Alone on Long Lake after its parents depart, the juvenile loon in its gray plumage must fish, eat, and grow strong enough to lift its body with its solid bones from the water into the air. It will need as much as a quarter of a mile of open water over which to race with furiously beating wings to become airborne. Our young loon must make its own flight in the next few weeks, while there is still open water.
Unusually warm weather stretches fall into winter. Up and down the lake, the juvenile loon swims. Neighbors have seen it speed about 100 feet along the water, try to lift off, and fail.
"Do his wings look awfully small to you?"
"Do you think he realizes he needs to leave?"
Water along the shore freezes, framing the lake. An ice film forms over the surface of half of the lake, leaving open water in the middle.
"I think he made it."
"I'm sure he did."
In fading November, an eagle lands on the frozen lake. We are entranced as the eagle does a dance with its image in the ice, opening its large wings halfway and lifting its feet in slow quarter-turn jumps in a circle, at times bending its white head to the ice. It has fallen in love with its own reflection. Nonromantics speculate the eagle sees a fish under the ice.
Often now, two large eagles soar in the sky. As they land on the ice their feet skid, but their tail feathers seem to keep them upright. The two eagles stand on the ice for hours, one several feet behind the other, immobile, attention fixed on the open water.
Dec. 17 our neighbor phones and says he can see our loon in the open water.
"No!" I cry.
We wade through snow to the shoreline where we see it swimming in the middle of the narrow lake. A great sadness comes over us.
Each day the open water shrinks until the loon swims in a hole about 10 feet in diameter. It dives into this hole, fishing for food, and resurfaces there. Two, and sometimes three, eagles circle overhead or sit immobile on the ice. The hole is visible to us from the far north window of our house.
I call a couple of DNR offices, but they do not attempt loon rescues from iced lakes. It is too dangerous. Also, they have no facilities to rehabilitate water birds. Perhaps the loon has an injury that prevents it from flying or does not have the instinct to know it must leave.
The weekend brings wind chills of minus 50 degrees. Under my comforter I shiver, unable to sleep, thinking of the loon in the shrinking lake and dreading the time when we will see the bird iced in completely. In the morning's cold light, the loon swims in an even smaller hole. Outdoors its faint calls can be heard. Even as we do not want to look, our eyes are drawn to the dark spot of open water on the snow-covered ice.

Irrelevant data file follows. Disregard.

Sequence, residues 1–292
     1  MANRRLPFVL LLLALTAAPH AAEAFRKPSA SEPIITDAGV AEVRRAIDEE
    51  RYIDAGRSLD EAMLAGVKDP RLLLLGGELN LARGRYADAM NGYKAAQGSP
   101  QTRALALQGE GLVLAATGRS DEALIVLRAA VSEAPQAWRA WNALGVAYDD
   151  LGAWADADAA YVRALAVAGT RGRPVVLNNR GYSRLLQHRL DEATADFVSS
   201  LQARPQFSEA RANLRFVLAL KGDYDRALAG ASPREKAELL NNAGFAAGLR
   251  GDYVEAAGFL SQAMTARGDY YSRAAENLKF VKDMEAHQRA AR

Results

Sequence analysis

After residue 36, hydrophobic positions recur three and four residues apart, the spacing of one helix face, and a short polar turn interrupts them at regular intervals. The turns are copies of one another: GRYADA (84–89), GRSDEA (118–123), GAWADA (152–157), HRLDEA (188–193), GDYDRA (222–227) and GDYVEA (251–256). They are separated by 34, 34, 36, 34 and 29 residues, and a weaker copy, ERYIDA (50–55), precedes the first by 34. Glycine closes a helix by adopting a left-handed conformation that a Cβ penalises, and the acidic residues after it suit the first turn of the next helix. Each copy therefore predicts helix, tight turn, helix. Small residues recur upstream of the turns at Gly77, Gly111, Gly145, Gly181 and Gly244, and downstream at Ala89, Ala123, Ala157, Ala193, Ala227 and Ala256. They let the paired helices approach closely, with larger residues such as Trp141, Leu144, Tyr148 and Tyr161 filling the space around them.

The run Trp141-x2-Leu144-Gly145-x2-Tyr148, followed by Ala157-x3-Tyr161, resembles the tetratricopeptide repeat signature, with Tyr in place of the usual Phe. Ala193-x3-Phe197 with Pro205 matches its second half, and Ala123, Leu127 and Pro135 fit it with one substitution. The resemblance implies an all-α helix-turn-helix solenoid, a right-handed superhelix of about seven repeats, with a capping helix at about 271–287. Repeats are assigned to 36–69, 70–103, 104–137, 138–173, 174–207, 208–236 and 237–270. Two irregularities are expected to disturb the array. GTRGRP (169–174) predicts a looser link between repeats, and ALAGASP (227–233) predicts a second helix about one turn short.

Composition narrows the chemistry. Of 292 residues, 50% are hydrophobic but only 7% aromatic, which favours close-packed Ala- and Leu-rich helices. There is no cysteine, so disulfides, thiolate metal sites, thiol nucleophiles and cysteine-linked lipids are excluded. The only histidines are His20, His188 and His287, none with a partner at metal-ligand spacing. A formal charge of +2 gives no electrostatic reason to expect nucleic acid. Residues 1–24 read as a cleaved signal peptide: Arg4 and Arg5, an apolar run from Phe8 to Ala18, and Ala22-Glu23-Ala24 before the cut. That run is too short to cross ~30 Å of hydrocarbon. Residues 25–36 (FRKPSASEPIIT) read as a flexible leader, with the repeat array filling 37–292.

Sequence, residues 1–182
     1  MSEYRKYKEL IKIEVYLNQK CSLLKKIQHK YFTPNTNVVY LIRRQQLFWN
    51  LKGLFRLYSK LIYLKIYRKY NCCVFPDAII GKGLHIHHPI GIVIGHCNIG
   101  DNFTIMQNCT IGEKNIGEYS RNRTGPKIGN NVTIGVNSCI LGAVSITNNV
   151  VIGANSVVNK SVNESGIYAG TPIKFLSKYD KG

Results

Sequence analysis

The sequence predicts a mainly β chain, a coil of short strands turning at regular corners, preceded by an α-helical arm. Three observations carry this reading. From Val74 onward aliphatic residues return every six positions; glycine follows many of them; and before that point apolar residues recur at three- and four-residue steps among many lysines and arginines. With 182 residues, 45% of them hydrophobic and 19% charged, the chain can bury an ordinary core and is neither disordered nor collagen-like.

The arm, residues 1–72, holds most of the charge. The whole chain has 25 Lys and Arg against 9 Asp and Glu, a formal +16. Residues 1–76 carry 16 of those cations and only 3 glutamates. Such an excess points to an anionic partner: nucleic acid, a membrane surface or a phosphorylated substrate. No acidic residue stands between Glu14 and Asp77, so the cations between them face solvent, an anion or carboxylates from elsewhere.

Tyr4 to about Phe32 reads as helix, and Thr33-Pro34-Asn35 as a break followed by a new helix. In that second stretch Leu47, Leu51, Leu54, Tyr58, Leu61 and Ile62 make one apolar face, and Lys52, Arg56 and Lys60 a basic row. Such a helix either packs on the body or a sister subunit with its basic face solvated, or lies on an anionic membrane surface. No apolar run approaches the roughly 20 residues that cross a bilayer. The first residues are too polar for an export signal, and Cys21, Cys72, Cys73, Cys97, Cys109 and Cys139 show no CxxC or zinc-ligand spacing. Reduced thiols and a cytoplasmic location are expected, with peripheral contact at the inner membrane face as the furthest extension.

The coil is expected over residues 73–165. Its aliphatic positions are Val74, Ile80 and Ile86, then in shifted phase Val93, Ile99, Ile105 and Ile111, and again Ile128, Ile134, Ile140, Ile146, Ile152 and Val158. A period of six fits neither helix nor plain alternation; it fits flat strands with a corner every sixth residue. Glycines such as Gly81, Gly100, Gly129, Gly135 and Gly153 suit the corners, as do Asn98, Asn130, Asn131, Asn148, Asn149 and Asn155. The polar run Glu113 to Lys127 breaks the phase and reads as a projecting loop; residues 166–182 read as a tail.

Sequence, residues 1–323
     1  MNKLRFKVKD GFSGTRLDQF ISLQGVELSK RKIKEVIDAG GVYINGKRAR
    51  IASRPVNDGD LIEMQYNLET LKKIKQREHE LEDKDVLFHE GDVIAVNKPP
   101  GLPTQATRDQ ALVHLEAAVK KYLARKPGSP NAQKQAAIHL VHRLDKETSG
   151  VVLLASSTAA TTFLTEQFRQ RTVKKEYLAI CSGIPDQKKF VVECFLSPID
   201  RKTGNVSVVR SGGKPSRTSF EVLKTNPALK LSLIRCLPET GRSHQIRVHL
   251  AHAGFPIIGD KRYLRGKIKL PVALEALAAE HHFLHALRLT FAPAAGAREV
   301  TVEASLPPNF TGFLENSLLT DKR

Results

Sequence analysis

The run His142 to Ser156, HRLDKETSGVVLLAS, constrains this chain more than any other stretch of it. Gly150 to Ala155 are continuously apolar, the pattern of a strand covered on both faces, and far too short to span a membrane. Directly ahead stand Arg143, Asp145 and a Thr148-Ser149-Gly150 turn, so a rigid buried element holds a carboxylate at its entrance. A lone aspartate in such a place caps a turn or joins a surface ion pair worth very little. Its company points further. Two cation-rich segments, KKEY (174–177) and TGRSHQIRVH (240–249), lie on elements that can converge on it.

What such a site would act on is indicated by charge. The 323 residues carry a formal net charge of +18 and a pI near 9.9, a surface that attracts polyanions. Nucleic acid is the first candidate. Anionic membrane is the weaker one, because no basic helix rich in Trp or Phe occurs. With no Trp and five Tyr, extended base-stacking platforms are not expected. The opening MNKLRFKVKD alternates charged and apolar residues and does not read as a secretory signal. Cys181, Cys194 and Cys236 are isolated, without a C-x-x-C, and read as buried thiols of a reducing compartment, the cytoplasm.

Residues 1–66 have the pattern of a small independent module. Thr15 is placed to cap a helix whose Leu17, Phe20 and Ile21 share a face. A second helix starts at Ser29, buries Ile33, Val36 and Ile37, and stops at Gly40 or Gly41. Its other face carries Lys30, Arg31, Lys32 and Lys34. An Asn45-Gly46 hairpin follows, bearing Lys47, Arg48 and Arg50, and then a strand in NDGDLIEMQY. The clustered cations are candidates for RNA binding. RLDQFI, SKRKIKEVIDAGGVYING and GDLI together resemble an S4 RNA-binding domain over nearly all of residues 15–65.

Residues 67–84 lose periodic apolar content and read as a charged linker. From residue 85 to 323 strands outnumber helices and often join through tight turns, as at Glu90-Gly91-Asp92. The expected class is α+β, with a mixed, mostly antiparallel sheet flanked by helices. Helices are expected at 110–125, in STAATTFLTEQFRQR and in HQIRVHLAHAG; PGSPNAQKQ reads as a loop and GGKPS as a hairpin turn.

On Dec. 22, an eagle perches on either side of the small patch of open water. When one lifts off to prepare to attack the loon, the loon dives underwater. It surfaces, only to dive again when the other eagle lifts off. It is expending tremendous energy and cannot find food under these circumstances. It has to be weakening.
Late that night I sit in the dark wrapped in a blanket at the window. Across the lake a cabin's night light is visible through bare limbs and tree trunks. The snow cover on the frozen water catches light from the sky and tosses it back. With tear-blurred eyes, I strain to see a distant small, dark bruise of open water on the snow.
On the morning of Dec. 23, there is no black hole of open water: The lake is completely frozen over. Our loon sits on the ice. It is alert and looking around, turning its head and periodically tucking it under a wing. Pushing its body forward a few inches on the ice with its feet, flapping its wings, the loon makes one last futile attempt to move.
About 10:45 a.m. an eagle attacks. It spends hours at the spot. One after the other, two more eagles take their turn. By day's end, the snow-covered lake is deserted.